Values are presented as mean ± SD or n (percentage). Small vessel is defined as the diameter of the vessel ≤ 2.5 mm. Long lesion is defined as the total length of the lesion ≥ 30 mm.
CTO: chronic total occlusion; LAD: left anterior descending artery; LCX: left circumflex artery; LM: left main artery; MCAD: mature coronary artery disease; PCAD: premature coronary artery disease; and RCA: right coronary artery.
p≤0.001, p≤0.01, and p≤0.05.
Table 3 listed clinical outcomes for one-year follow-up. A total of 1385 cases were followed up (follow-up rate was 99.1%) at the end of 12 months, among which 868 cases were males and 517 cases were females. No significant differences were noted between groups with respect to the incidence of all-cause death (0.8% vs. 1.2%; p=0.709), cardiovascular death (0.5% vs. 0.8%; p=0.706), target vascular revascularization (TVR) (0.5% vs. 1.2%; p=0.246), and major adverse cardiovascular event (MACE) (3.0% vs. 4.1%; p=0.289). Yet, rates for cardiovascular death (0.5% vs. 0.8%) and MACE (3.0% vs. 4.1%), as well as other adverse events, were low. Similar trend was seen in 3-year follow-up. As shown in Table 4, complete clinical outcomes at 3 years were available in 98.9% of patients. There were no significant differences between male and female groups with respect to the outcomes of all kinds of adverse events, even after Cox regression survival analysis to adjust the confounding risk factors in Table 5. We plotted Kaplan–Meier survival curves of all-cause death, cardiovascular death, and MACE, and all remained low in both gender groups as illustrated in Figures 1–3. Though the rates were numerically increased in female group, no difference was seen either in 1-year or 3-year follow-up.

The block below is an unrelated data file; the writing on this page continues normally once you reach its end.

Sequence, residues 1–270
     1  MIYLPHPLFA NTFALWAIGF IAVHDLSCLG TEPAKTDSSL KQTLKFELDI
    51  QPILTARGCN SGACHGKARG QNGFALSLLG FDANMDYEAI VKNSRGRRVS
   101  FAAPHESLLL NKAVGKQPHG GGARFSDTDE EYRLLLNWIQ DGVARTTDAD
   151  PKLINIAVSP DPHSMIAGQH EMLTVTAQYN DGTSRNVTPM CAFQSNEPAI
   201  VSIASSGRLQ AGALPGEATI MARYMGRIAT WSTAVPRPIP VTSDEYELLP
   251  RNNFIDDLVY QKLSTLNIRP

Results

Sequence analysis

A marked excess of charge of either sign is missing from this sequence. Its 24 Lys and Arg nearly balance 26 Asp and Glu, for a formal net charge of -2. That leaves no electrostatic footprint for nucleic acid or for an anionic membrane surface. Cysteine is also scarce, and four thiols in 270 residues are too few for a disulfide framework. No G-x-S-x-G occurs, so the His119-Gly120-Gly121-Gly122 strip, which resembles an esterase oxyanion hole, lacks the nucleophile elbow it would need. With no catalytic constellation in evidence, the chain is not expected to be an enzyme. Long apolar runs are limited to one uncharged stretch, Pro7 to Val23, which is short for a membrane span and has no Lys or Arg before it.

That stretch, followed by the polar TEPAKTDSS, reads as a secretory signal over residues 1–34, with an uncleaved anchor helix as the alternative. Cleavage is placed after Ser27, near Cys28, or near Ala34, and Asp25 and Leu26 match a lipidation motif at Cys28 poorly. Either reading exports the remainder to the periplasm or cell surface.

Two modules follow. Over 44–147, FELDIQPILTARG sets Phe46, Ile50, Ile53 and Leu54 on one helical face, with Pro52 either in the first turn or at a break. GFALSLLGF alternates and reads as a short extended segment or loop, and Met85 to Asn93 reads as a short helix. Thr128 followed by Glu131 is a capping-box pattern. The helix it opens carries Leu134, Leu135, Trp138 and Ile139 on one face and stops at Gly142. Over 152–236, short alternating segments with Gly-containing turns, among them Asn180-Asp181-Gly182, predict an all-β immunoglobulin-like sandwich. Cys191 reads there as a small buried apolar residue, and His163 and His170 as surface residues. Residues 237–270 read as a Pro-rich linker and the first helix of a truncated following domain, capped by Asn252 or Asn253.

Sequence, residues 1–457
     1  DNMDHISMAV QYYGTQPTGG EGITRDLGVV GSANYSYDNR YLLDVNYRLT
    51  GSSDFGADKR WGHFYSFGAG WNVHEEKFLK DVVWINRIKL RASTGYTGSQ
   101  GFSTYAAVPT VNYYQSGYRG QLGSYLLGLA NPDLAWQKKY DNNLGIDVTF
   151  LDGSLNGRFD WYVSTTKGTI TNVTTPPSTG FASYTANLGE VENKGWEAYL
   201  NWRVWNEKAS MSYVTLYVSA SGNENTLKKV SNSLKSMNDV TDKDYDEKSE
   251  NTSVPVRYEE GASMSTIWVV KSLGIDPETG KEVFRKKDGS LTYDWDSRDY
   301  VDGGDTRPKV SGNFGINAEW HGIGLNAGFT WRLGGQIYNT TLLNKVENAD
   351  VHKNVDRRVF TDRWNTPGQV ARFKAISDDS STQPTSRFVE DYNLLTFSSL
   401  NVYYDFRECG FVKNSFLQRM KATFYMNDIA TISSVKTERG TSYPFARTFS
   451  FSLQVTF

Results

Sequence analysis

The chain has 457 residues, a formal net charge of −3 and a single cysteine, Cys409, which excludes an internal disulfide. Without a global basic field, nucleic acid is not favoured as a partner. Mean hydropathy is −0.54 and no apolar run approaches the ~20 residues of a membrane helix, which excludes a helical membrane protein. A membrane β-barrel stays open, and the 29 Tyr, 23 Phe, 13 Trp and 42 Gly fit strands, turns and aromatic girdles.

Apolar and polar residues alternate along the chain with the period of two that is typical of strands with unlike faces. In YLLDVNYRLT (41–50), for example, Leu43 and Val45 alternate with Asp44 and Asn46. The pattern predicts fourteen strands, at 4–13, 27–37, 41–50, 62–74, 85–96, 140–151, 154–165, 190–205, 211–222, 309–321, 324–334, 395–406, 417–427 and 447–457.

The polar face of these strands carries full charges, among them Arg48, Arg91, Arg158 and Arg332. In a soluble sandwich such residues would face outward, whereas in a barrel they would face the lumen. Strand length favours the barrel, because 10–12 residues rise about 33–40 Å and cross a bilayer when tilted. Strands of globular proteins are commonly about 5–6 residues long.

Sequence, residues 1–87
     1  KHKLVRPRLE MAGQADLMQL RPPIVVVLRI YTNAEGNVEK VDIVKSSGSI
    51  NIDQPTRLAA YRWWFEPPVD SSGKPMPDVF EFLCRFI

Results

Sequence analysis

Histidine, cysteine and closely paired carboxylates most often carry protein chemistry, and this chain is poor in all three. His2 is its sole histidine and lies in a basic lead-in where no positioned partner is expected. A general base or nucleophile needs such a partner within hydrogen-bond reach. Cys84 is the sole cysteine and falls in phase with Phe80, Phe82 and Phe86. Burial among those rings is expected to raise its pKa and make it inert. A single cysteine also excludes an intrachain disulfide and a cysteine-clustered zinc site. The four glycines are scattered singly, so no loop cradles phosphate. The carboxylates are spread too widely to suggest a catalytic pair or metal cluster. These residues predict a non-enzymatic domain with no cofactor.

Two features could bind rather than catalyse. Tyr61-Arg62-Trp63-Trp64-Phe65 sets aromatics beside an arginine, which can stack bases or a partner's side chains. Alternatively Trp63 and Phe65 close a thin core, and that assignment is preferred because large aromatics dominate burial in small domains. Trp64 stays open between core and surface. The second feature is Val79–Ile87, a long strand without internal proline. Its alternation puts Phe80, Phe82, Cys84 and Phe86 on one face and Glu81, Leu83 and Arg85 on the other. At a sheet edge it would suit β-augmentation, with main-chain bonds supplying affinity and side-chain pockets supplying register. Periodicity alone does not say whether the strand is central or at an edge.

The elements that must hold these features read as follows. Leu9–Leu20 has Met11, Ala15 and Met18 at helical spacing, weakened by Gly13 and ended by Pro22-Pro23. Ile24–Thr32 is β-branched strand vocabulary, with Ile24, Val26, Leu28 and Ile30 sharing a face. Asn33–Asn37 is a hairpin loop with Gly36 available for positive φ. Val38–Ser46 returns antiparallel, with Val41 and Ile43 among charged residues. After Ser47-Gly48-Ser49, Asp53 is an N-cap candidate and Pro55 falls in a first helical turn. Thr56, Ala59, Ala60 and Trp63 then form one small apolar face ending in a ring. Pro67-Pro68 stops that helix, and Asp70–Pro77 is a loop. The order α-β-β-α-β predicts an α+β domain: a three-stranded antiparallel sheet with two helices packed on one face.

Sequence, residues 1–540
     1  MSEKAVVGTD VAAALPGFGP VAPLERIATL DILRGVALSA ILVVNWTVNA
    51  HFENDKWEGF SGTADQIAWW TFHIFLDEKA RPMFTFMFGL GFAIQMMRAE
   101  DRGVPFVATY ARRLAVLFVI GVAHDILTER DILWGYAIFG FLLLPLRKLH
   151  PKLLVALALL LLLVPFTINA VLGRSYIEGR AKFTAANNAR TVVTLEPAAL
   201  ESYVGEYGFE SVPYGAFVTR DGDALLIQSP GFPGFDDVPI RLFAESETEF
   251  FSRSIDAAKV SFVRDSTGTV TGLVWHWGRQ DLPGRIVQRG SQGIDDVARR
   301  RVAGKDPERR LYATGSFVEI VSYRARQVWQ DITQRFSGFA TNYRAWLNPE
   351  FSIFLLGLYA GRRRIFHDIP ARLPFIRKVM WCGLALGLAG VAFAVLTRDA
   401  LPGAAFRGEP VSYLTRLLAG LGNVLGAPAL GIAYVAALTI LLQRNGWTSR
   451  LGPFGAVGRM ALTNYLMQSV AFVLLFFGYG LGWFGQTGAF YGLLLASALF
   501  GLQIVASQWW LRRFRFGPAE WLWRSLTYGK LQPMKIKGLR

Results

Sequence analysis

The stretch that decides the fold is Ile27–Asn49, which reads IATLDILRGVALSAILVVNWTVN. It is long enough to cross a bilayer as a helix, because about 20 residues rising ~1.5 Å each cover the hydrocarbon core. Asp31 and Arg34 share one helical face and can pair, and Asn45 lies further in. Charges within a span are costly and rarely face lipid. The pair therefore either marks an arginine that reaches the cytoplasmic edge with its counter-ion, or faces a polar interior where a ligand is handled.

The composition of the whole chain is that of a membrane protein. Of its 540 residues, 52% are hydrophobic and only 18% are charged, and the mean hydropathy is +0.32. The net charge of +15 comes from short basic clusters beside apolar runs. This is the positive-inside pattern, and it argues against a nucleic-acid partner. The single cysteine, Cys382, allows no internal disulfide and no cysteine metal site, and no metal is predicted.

Values are presented as n (percentage).
DAPT: dual antiplatelet therapy; MACE: major adverse cardiovascular event; MI: myocardial infarction; ST: stent thrombosis; and TVR: target vascular revascularization.
Values are presented as n (percentage).
DAPT: dual antiplatelet therapy; MI: myocardial infarction; MACE: major adverse cardiovascular event; ST: stent thrombosis; and TVR: target vascular revascularization.
MACE: major adverse cardiovascular event; MI: myocardial infarction; and TVR: target vascular revascularization.
The study of PCAD is important in the current era since the incidence of this disease is becoming higher and higher . PCAD can have devastating consequences for the individual, the family, and the society . Despite this serious public health, the clinical outcomes have not been adequately addressed, especially in Asian developing countries. So our study analyzes and reveals a number of gender-related differences among Asian young patients with CAD. The findings have important clinical implications.